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The Supreme Court of Arkansas has ignored a formal complaint to consider disciplinary action against attorney Bill Clinton, but now it may be forced to take action.
In September 1998 the Southeastern Legal Foundation filed a complaint with the Arkansas Supreme Court Committee on Professional Conduct, the organization that has authority to disbar an attorney for that state. The actions of President Clinton in the Paula Jones lawsuit caused the complaint to be filed. There has been no action on the complaint. Matthew J. Glavin, SLF president, has decided to force the court to act.
The SLF has filed a petition for a writ of mandamus action to force the court to respond. A writ of mandamus, if granted, would be a court order to perform as required by law. Glavin believes the law clearly requires the Committee on Professional Conduct to consider the complaint and take some sort of action. A writ of mandamus would order the committee to proceed.
Glavin told WorldNetDaily that the rules and procedures set up by the Arkansas Supreme Court for members of the bar are clear and compel the committee to act in a timely way.
“The failure of the Arkansas legal ethics body to take the required steps to discipline attorney William Jefferson Clinton, in the face of a federal judge’s contempt citation, is tantamount to dereliction of duty,” said Glavin.
Federal district court judge Susan Webber Wright, the presiding judge in the Paula Jones case, issued a civil contempt citation for President Clinton’s misrepresentations under oath.
The citation issued in April, states in part: “It is not acceptable to employ deceptions and falsehoods in an attempt to obstruct the judicial process.”
The citation also mentioned an even higher standard expected of President Clinton because of his position. Wright added that the president’s “conduct in this case, coming as it did from a member of the bar and the chief law enforcement officer of this nation, was without justification and undermined the integrity of the judicial system.”
President Clinton’s attorneys did not appeal the civil contempt citation.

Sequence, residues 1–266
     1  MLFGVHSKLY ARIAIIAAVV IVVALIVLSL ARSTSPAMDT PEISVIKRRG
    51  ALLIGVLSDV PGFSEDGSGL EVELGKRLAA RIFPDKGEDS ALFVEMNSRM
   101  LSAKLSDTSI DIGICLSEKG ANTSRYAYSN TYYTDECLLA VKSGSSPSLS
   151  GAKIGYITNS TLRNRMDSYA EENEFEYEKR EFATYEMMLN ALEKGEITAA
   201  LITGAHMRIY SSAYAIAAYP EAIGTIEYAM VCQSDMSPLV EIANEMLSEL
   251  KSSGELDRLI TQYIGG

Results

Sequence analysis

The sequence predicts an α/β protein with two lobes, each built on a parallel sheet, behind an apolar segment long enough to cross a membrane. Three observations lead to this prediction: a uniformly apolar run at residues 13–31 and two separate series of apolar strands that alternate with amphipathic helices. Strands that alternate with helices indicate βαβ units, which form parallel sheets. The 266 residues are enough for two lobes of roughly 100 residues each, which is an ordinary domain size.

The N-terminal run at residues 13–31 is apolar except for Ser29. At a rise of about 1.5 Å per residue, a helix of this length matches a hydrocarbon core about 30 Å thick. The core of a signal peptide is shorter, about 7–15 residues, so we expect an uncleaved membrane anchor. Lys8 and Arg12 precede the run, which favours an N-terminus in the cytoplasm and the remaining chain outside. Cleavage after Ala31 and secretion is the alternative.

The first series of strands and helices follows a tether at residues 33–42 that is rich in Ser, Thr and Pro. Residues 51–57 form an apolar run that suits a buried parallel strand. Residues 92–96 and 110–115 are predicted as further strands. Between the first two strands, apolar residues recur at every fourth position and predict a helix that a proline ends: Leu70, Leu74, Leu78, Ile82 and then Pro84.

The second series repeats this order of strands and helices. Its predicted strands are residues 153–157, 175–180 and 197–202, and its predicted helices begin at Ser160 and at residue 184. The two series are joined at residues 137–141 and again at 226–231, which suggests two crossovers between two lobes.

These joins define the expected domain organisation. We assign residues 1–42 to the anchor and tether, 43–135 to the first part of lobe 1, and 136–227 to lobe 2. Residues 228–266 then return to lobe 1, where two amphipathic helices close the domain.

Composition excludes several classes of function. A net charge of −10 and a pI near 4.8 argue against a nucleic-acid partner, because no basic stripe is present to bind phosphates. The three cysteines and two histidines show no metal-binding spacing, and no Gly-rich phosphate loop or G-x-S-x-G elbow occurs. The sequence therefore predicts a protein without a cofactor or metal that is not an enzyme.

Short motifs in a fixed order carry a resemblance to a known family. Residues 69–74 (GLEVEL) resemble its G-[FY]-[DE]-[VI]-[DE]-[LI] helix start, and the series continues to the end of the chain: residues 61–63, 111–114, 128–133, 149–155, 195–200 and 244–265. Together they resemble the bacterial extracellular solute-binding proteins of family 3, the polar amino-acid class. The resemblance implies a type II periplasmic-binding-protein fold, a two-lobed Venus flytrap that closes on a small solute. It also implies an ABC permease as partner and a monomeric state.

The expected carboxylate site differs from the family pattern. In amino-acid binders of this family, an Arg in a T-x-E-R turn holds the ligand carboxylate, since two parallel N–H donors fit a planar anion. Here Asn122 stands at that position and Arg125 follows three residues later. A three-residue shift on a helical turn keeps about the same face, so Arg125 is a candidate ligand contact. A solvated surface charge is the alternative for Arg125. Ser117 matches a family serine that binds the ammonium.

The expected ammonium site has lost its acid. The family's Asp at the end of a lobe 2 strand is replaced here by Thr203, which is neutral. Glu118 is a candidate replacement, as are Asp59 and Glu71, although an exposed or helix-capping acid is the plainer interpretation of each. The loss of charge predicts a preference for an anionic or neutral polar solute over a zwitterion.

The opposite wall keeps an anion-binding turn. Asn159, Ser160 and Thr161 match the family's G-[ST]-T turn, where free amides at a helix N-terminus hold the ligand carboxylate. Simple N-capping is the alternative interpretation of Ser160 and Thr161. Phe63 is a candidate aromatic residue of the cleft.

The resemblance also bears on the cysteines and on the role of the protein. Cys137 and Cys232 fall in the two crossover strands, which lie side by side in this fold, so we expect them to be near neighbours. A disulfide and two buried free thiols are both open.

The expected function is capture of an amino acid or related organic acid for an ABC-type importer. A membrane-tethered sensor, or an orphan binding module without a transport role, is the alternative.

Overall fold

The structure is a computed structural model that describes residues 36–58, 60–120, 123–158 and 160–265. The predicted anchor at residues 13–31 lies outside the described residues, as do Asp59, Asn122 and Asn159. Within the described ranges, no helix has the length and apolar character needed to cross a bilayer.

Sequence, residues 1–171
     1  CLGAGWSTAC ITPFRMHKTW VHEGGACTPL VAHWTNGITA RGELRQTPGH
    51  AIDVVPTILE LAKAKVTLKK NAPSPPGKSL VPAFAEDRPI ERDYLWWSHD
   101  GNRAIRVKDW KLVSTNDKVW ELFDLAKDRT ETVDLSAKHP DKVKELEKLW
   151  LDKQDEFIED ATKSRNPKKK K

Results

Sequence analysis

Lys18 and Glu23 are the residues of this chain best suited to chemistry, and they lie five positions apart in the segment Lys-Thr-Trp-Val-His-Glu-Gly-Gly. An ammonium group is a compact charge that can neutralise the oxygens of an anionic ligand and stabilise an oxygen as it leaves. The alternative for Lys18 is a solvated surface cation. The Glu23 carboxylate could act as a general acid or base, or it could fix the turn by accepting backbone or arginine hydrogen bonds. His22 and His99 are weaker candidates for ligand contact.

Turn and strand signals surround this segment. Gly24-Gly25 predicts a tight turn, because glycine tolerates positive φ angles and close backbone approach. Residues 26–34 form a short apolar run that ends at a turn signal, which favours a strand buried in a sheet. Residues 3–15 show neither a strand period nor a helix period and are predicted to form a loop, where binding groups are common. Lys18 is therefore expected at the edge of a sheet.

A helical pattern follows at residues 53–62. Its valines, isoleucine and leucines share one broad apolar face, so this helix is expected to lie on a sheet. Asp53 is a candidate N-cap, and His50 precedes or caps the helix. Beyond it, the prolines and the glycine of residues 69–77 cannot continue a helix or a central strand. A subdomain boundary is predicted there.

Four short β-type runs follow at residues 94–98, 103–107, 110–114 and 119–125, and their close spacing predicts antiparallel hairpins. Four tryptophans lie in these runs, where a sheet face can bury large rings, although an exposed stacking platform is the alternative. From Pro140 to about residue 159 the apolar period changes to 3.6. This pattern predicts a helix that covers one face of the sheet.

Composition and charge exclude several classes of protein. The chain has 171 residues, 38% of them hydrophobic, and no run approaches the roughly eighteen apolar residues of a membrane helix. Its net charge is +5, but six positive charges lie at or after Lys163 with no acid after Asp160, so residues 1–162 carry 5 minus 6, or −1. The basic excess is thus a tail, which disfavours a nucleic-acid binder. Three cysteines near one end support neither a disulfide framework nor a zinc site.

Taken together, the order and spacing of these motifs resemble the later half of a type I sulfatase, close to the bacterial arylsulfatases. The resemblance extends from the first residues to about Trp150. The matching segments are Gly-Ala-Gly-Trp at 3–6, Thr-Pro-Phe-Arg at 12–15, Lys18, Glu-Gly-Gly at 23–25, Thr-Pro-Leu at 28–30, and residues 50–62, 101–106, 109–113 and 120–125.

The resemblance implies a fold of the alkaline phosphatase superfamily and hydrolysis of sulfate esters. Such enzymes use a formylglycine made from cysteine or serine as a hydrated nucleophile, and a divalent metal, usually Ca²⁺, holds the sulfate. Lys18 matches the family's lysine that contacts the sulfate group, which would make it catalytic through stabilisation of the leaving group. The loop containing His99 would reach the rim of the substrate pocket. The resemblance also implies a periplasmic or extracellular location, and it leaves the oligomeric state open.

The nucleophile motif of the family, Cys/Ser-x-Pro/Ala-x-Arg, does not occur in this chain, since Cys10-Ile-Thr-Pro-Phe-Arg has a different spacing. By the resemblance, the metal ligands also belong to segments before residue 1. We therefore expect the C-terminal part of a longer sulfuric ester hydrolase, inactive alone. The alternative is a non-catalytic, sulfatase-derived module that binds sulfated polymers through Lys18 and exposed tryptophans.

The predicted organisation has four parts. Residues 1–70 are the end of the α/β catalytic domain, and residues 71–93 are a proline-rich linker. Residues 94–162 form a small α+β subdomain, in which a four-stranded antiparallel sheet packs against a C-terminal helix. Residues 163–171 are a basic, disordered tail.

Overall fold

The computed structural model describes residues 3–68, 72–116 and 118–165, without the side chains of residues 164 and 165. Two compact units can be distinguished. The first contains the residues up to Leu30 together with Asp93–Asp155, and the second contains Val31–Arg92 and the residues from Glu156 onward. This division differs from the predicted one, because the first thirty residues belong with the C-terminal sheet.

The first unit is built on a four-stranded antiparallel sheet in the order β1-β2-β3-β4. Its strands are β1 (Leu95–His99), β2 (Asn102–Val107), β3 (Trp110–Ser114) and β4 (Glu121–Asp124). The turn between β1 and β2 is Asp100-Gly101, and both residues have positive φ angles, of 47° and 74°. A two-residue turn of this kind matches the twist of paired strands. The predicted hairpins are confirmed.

“With the filing of the mandamus action today, we hope to kick-start the necessary investigatory process. As officers of the court, lawyers swear to an oath to tell the truth, defend the Constitution, and live by the laws that govern us all. And when a lawyer becomes an elected official, that duty is raised to a higher level because public confidence in the legal system becomes an issue,” said L. Lynn Hogue, constitutional law professor and SLF legal counsel.
James Neal, executive director of the Committee on Professional Conduct told WorldNetDaily he cannot confirm nor deny the existence of any particular complaint before his committee.
Neal had previously told WorldNetDaily that, if such a complaint were presented to his committee, it would be held until all legal action against the president had been completed.
“We do not have a statute of limitation, so we’re not required to file in a certain period of time,” said Neal. Glavin disagrees and expects a writ of mandamus to be issued within days, which will force Neal to act.
The final disposition of the Paula Jones case has been completed, and Wright forwarded the contempt citation against President Clinton to Neal’s committee. State law requires an automatic formal complaint be instituted against an attorney who receives a civil contempt citation. Despite the law, no action has been taken in this case.
“When a lawyer violates his professional oath, lies before a court of law, and undermines public confidence in the rule of law, that lawyer should be punished,” Glavin said by phone.
The committee may take various disciplinary steps, including disbarment.
The Southeastern Legal Foundation is a public interest law firm founded in 1976. It is located in Atlanta.